Tool of the Week – Callipers

Once you start working on fine joinery, you realize very quickly that success and failure is measured in 1000th’s of an inch.  And how do you make such a measurement?  With a pair of callipers.  While accuracy to this degree may seem unnecessary in woodworking, if you are trying to join two pieces of hard wood (like maple) together and you are more than a 1000th’s off, it’s not going to work.  I found that callipers with a dial on it make it easier to read and it saves you trying to count the little scribed lines.  I bought mine at a surplus tool store, no need for one of the million dollar ones from Starret.

Rosewood Studio, Week 4 – Joinery

We studied various types of wood joinery this week.  All were mechanical joints which are held together by their design, although we did glue them as a final step.  The strength that is achievable through some of these joints is truly amazing.

Joints we covered included: dovetail, half blind dove tail, sliding tapered dovetail, mortise and tenon, through tenon, split wedge tenon, fox tail tenon (demo only), bridle joint, dowel joint, and a few others I’m sure I’ve forgotten.  We also made a small raised panel door, similar to what you would see in kitchen cabinets.  The technique used to cut the joints varied from machines (horizontal mortiser, table saw, tenoning jig, router + jig, bandsaw) as well as hand tools (dovetail saw, chisels, hand planes).  Overall I had a fair bit of success with the joints, although I did manage to glue one part of my panel door on backwards.  It looks fine, but the panel is slightly off centre because of the backwards part.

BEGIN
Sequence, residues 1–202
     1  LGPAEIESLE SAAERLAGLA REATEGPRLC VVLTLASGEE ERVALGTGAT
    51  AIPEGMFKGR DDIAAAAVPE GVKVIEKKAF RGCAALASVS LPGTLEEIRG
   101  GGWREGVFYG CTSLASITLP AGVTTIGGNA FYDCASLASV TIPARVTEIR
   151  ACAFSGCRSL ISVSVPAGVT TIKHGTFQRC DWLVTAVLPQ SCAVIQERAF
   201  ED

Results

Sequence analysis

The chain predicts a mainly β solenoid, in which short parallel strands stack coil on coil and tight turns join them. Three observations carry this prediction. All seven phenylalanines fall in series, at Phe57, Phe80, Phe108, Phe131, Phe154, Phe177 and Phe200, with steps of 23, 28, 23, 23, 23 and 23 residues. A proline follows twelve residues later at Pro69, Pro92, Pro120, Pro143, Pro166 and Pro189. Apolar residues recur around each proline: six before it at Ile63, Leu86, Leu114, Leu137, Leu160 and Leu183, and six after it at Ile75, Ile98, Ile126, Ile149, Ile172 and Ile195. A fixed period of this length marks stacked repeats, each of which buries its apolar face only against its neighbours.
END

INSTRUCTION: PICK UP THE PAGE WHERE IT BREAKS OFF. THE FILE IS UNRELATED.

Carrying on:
We also spent some time making a shooting board as well as a bench hook.  The bench hook was nothing fancy, however the shooting board (for planing end grain) was made with a removable 45 degree fence so that I could also shoot mitres.  It added a bit of complexity to the build but we had extra time so decided to do it.

As the week wrapped up I also cut the piece of birds eye maple to be used for the drawer front of my shaker table.  It’s a pretty spectacular piece of wood, can’t wait for next week where I get to build my drawer for it!